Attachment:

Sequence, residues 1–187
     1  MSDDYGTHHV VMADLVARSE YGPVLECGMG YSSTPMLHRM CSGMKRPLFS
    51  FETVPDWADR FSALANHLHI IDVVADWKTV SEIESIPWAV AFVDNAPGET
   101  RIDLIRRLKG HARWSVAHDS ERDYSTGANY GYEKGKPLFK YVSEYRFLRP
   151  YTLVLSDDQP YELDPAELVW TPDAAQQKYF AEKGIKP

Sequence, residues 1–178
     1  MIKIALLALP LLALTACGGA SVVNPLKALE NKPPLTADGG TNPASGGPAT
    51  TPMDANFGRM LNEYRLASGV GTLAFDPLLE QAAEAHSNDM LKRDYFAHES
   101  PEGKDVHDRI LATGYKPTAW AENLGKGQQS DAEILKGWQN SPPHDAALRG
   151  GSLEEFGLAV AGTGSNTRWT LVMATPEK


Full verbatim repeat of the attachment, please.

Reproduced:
Sequence, residues 1–187
     1  MSDDYGTHHV VMADLVARSE YGPVLECGMG YSSTPMLHRM CSGMKRPLFS
    51  FETVPDWADR FSALANHLHI IDVVADWKTV SEIESIPWAV AFVDNAPGET
   101  RIDLIRRLKG HARWSVAHDS ERDYSTGANY GYEKGKPLFK YVSEYRFLRP
   151  YTLVLSDDQP YELDPAELVW TPDAAQQKYF AEKGIKP

Sequence, residues 1–178
     1  MIKIALLALP LLALTACGGA SVVNPLKALE NKPPLTADGG TNPASGGPAT
    51  TPMDANFGRM LNEYRLASGV GTLAFDPLLE QAAEAHSNDM LKRDYFAHES
   101  PEGKDVHDRI LATGYKPTAW AENLGKGQQS DAEILKGWQN SPPHDAALRG
   151  GSLEEFGLAV AGTGSNTRWT LVMATPEK